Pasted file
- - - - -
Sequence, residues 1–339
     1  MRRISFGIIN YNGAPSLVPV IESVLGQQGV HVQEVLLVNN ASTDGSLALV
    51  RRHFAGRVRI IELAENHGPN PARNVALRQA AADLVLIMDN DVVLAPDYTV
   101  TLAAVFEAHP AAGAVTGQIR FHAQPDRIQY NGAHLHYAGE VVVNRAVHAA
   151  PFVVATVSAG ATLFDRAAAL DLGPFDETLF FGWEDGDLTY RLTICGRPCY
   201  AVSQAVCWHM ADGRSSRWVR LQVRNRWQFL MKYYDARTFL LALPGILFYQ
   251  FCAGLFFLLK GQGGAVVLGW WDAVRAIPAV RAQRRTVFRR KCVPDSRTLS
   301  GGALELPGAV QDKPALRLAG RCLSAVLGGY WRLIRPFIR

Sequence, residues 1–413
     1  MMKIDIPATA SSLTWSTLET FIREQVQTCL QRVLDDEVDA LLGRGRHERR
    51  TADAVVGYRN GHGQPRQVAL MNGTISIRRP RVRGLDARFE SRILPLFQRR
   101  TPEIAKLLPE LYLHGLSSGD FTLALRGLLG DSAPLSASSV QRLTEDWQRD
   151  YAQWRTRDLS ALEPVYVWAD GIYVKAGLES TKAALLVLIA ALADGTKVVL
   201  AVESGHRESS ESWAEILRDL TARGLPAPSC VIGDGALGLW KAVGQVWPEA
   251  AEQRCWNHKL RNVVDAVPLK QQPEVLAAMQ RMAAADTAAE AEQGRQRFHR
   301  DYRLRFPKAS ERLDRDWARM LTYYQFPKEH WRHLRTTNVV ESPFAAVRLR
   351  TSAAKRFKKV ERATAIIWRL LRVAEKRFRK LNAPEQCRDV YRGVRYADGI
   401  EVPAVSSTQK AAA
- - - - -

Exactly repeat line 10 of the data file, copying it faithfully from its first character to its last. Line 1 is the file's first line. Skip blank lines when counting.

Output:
     1  MMKIDIPATA SSLTWSTLET FIREQVQTCL QRVLDDEVDA LLGRGRHERR